A dizzying scientific achievement: Astronomers have gotten a look back at what one scientist calls "the beginning of time ... the universe at the very beginning." That is, they've detected gravitational waves that could be the first direct evidence that within a fraction of a trillionth of a second after the Big Bang, the cosmos began to, in the New York Times' description, "swell faster than the speed of light for a prodigiously violent instant." Such an event (dubbed "inflation") was theorized in 1979 by physicist Alan Guth, but finding evidence of it "has been a key goal in the study of the universe," the AP reports. The findings must still be confirmed by other experiments, though the lead astronomer says there's only a one in 3.5 million chance the team's results are a fluke.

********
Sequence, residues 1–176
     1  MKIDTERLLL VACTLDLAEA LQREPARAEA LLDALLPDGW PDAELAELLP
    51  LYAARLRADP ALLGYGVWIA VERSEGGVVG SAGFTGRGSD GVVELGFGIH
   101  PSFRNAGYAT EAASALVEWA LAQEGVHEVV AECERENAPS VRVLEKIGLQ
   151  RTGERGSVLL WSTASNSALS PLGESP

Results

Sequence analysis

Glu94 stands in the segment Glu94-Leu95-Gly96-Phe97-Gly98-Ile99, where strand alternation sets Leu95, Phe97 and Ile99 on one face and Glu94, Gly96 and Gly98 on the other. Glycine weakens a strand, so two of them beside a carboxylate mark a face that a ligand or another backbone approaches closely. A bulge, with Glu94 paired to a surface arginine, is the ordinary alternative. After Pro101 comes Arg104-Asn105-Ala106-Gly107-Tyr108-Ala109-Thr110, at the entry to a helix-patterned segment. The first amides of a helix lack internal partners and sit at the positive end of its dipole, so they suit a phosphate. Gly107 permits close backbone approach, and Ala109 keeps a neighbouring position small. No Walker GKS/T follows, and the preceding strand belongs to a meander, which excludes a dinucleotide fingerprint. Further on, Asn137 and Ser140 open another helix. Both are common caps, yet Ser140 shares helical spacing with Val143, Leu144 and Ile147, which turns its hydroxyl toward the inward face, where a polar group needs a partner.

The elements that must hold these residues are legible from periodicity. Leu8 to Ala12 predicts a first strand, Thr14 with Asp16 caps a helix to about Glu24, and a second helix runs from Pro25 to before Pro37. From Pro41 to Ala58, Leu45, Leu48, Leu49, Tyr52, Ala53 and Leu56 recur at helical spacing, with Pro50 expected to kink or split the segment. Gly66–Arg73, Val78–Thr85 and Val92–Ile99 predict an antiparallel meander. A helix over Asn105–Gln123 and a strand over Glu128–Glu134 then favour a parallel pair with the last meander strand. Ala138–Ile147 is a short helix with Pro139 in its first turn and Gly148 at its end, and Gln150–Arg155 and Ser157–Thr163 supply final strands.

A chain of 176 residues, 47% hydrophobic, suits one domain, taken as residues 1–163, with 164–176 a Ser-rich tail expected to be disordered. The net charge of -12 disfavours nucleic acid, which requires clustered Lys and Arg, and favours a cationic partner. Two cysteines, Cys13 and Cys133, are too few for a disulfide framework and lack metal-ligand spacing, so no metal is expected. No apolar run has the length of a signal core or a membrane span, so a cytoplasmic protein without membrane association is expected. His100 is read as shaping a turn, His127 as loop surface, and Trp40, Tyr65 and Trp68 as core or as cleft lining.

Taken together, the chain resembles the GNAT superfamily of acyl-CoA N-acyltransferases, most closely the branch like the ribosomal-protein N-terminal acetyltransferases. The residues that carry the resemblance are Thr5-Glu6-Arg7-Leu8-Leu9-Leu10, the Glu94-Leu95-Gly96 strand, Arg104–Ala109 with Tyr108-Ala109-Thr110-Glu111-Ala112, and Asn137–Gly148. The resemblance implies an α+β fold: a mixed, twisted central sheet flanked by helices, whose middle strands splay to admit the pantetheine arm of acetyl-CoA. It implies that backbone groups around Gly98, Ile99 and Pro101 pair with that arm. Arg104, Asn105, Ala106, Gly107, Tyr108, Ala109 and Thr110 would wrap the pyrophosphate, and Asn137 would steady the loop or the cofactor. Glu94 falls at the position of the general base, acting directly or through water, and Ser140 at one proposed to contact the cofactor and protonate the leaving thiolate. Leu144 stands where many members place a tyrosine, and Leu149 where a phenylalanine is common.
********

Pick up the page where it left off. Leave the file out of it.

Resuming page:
Researchers from a number of schools and organizations scanned 2% of the sky with a telescope at the South Pole for three years to arrive at their findings, looking for a specific light-wave pattern in the microwave radiation remaining from the Big Bang. That pattern is caused by gravitational waves ("ripples in the interweaving of space and time that sprawls through the universe," as the AP puts it), which have been called the Big Bang's first tremors; they've never before been detected. If verified, one scientist says this could be one of the greatest discoveries "in the history of science"; Wired compares its significance to the discovery of the Higgs boson. The Times has a great graphic that explains the theory of inflation in layman's terms ... using coffee. (Read more big bang stories.)